Tonga's prime minister, who nurtured democracy, dies at 78
FILE - In this Sept. 26, 2015, file photo, Tongan Prime Minister 'Akilisi Pohiva addresses the 2015 Sustainable Development Summit at the United Nations headquarters in New York. (AP Photo/Frank Franklin II, File)
Nick Perry, The Associated Press
Published Thursday, September 12, 2019 2:56AM EDT
Last Updated Thursday, September 12, 2019 3:40AM EDT
WELLINGTON, New Zealand -- Tongan Prime Minister 'Akilisi Pohiva, who helped wrest power from the royal family and bring greater democracy to the small Pacific island nation, died Thursday. He was 78.
Pohiva died at the Auckland City Hospital at about 9 a.m. after being medically evacuated to New Zealand a day earlier, political adviser Lopeti Senituli told The Associated Press. Prior to that, he had been hospitalized in Tonga for two weeks suffering from pneumonia before his condition turned critical, Senituli said.
"He will be remembered as the champion of democracy and being primarily responsible for the democratic reforms that were incorporated into the country's constitution in 2010," Senituli said.
Pohiva was also known for his fight against global warming. Archipelagos like Tonga, which is made up 171 islands and is home to 106,000 people, are particularly vulnerable to rising seas.
Pohiva was first elected prime minister in 2014 and won re-election three years later. His recent tenure was marked by bouts of ill health.
Pohiva spent more than three decades in political office after he was first elected to Tonga's parliament in 1987. In 2013, he became the first Pacific Islander to win the Defender of Democracy Award, presented by New York-based non-profit Parliamentarians for Global Action.
"His political career has been marked by battles with the Tongan monarchy over democracy, transparency and corruption," the non-profit wrote, noting that he was imprisoned in 1996 for contempt of parliament before the Supreme Court ordered he be released. On another occasion, he was charged with sedition.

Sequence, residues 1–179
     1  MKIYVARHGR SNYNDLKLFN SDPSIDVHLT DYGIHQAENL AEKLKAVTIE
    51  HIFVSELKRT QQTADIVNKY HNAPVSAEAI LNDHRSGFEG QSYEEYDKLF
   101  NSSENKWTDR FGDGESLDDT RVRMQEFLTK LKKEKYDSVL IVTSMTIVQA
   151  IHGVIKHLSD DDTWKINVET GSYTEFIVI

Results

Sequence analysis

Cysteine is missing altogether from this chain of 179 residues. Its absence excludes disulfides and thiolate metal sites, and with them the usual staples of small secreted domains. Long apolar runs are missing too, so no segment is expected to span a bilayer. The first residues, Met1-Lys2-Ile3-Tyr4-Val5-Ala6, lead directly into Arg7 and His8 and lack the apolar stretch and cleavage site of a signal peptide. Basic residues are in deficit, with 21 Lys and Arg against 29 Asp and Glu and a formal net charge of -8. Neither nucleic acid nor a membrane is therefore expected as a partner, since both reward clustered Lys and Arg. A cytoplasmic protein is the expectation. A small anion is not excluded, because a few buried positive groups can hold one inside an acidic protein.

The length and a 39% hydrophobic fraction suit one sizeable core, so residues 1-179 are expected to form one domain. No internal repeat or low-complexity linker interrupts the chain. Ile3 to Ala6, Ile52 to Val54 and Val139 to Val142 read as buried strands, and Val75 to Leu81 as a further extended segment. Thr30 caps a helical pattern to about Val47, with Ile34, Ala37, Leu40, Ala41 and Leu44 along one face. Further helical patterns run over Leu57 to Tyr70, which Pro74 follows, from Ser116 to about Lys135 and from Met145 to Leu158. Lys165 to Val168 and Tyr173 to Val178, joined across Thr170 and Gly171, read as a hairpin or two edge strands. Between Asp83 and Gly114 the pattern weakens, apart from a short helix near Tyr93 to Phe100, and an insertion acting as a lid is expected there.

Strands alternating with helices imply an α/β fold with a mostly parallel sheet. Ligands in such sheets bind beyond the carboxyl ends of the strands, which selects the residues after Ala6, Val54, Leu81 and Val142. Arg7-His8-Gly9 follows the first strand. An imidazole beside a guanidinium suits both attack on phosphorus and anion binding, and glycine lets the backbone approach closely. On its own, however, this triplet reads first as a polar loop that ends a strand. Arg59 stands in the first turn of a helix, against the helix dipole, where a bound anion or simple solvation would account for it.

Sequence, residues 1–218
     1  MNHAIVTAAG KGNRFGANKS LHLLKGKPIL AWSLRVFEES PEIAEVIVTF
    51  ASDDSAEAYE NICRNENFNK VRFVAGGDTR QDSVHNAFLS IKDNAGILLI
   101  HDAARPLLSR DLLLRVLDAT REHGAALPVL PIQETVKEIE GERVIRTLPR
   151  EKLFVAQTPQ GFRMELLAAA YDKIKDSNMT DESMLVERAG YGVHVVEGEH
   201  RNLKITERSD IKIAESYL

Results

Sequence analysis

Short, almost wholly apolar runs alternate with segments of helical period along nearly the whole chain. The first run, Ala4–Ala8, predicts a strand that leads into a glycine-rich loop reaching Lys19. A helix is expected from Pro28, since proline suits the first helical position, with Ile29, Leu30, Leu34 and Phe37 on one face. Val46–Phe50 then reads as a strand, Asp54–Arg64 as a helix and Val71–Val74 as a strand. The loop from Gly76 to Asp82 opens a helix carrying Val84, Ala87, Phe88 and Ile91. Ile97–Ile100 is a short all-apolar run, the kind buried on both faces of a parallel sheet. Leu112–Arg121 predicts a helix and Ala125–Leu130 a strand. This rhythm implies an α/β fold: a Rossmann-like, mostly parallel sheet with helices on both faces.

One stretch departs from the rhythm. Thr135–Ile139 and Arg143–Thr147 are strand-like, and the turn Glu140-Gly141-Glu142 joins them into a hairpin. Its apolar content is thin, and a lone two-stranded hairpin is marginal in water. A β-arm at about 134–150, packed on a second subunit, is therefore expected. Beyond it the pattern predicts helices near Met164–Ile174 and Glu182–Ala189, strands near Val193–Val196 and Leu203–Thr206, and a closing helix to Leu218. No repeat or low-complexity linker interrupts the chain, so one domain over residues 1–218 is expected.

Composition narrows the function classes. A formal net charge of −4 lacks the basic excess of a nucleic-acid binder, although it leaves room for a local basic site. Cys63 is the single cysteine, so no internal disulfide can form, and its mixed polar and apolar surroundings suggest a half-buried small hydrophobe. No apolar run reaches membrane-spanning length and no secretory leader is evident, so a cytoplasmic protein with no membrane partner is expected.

"He was an immensely significant figure," said Graeme Smith, a research fellow at Australian National University. "As prime minister, he was very influential in the region and a really strong voice for Tonga. Regionally, and globally, he will be tremendously missed."
Smith said it may be too early to tell if Pohiva has created a permanent legacy of strong democracy in Tonga, because there continues to be pushback from vested interests including the royal family and the nobility.
For now, lawmaker Semisi Sika is Tonga's acting prime minister.
Australian Prime Minister Scott Morrison said he was "terribly saddened" to hear of Pohiva's death.
"He was a passionate advocate for his people, for his beloved Tonga & our Pacific family," Morrison wrote on Twitter.
New Zealand Prime Minister Jacinda Ardern said Pohiva would be remembered for his "lifelong commitment to championing democracy."
Before becoming a politician, Pohiva taught history and sociology at the University of the South Pacific. His wife Neomai Pohiva died last year. The couple had seven children.
Pohiva spoke at a 2006 pro-democracy rally in the capital Nuku'alofa shortly before rioters destroyed much of the downtown. After that, the country borrowed money from China to rebuild and now owes $108 million to China's Export-Import bank, equivalent to about 25% of GDP, a level of indebtedness that worries many observers.
Fijian Prime Minister Voreqe Bainimarama wrote on Twitter that Pohiva "inspired the world with raw emotion" last month at the Pacific Islands Forum in Tuvalu. Bainimarama said Pohiva attended despite his poor health because he recognized the urgency of climate change: "We must honour his legacy by continuing this fight."